EU proposes tax incentives for equity financing like those for debt

EU proposes tax incentives for equity financing like those for debt

On Wednesday, the European Commission proposed that corporations receive tax benefits for raising money through share issues in the same way that they do when they borrow, removing the tax bias that favors corporate debt and making firms more stable.

Bank loans provide for 70-80% of European enterprises’ funding, with the remainder coming from securities, rendering them vulnerable when banks are less willing to lend or during a banking crisis.

“By making new equity tax-deductible in the same way that debt is already, this proposal eliminates the temptation for (businesses) to increase their borrowing and allows them to make financing decisions based solely on commercial considerations,” said Commission Vice President Valdis Dombrovskis.

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In 2020, corporate debt in the European Union totaled 14.9 trillion euros, accounting for 111 percent of EU GDP.

The corporate finance proportions are flipped in the United States, and the EU is working to achieve this through its capital markets union project, which aims to enhance non-bank financing for businesses.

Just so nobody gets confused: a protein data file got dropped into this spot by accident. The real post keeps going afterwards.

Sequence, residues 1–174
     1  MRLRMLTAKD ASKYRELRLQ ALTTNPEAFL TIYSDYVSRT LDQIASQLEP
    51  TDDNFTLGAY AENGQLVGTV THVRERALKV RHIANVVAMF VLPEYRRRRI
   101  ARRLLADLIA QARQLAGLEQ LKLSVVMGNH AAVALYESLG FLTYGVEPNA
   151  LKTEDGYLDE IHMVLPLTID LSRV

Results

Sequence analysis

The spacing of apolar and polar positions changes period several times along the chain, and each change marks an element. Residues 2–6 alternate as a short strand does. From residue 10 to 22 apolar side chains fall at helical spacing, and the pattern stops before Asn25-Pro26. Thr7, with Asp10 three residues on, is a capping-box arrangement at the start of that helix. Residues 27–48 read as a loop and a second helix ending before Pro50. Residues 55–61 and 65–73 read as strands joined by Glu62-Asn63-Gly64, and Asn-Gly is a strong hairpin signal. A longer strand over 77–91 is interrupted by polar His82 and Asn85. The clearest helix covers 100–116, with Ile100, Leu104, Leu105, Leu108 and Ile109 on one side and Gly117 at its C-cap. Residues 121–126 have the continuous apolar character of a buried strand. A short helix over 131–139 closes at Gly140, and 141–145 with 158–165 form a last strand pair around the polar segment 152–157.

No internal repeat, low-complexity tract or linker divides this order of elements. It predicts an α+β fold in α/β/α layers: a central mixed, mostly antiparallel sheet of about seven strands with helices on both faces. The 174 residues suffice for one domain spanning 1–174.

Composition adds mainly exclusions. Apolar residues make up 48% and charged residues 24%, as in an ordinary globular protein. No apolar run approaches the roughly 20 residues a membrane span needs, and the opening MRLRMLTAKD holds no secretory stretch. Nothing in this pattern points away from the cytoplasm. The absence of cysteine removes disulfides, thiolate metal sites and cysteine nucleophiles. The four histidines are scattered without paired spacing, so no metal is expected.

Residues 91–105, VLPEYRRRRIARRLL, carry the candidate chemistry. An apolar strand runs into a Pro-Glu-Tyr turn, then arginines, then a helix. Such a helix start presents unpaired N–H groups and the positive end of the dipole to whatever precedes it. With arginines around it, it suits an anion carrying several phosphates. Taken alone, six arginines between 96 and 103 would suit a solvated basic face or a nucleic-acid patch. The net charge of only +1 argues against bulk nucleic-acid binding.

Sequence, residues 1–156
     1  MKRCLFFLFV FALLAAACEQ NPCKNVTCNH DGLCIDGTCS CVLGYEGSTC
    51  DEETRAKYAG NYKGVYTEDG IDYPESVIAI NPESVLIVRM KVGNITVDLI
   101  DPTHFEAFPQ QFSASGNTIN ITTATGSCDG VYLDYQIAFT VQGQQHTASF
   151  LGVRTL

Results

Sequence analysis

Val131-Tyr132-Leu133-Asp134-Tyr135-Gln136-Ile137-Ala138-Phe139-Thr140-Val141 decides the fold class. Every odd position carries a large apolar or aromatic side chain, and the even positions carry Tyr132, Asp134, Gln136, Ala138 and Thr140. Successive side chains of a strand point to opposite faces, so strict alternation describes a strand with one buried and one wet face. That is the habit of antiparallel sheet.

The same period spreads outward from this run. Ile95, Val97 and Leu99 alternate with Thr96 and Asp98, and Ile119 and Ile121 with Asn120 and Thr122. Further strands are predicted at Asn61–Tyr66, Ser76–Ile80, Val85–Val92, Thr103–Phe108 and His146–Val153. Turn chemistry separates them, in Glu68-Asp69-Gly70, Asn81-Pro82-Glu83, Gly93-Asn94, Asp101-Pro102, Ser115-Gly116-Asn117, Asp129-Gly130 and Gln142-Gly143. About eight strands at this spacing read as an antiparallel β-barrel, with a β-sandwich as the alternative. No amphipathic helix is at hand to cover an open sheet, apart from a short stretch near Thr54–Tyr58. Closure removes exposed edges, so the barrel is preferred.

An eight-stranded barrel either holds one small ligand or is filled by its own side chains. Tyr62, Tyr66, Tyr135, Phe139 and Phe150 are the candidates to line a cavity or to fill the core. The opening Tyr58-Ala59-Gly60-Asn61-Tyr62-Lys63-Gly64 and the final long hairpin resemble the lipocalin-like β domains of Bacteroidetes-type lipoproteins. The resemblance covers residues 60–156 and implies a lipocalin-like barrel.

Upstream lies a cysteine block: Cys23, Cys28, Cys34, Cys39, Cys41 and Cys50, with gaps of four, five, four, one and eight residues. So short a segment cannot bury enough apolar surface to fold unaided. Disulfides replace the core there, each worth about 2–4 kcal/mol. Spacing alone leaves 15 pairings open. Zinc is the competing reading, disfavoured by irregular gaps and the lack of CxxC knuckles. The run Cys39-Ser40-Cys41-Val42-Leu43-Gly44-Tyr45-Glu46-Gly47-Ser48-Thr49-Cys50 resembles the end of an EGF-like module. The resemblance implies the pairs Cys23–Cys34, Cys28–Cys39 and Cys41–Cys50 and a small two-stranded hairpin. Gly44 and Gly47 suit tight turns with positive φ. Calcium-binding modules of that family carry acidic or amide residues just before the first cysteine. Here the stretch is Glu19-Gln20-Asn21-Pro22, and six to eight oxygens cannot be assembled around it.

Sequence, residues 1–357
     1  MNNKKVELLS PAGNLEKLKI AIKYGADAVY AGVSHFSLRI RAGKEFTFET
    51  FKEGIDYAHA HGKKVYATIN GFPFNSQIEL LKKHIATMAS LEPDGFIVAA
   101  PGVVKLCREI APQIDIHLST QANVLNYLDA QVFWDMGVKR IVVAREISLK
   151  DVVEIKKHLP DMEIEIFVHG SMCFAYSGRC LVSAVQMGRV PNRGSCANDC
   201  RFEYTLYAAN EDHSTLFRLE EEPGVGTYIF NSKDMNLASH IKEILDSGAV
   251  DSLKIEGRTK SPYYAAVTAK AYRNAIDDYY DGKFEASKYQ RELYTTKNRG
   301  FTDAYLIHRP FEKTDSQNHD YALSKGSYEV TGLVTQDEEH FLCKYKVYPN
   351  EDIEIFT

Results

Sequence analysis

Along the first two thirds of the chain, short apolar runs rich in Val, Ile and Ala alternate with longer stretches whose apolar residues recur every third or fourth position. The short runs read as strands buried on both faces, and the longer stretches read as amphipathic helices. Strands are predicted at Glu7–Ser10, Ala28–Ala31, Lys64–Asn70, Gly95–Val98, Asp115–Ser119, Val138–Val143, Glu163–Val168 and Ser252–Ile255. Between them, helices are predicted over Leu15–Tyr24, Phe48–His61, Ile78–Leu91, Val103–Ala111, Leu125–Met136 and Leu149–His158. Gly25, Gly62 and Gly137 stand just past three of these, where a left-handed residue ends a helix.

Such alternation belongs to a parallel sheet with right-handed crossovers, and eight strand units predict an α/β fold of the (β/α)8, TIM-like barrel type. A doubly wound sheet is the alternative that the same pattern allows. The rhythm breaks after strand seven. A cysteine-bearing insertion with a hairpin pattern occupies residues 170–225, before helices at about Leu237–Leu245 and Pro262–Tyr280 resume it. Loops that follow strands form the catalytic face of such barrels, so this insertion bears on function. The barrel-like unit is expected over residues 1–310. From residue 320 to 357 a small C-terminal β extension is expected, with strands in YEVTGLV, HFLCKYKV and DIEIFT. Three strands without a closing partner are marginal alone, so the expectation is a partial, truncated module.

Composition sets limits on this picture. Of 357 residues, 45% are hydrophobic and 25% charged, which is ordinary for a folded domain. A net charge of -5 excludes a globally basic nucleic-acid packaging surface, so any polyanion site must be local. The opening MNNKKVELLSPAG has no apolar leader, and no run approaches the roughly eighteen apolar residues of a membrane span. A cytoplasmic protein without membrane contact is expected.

“Our proposal will assist businesses in accumulating more solid capital, reducing their vulnerability, and increasing their willingness to invest and take risks,” said EU Economic Commissioner Paolo Gentiloni.

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The Commission estimates that combining the equity allowance with a restricted interest deduction on the debt will increase investment by 0.26 percent of GDP and GDP by 0.018 percent.

The tax deduction would be based on the difference between net equity at the end of the tax year and net equity at the end of the preceding tax year, multiplied by a notional interest rate, according to the Commission plan.

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For ten consecutive tax years, the allowance on equity would be deductible, as long as it did not exceed 30% of the company’s taxable revenue.

Before becoming law, the plan must be agreed upon by EU countries and the European Parliament.

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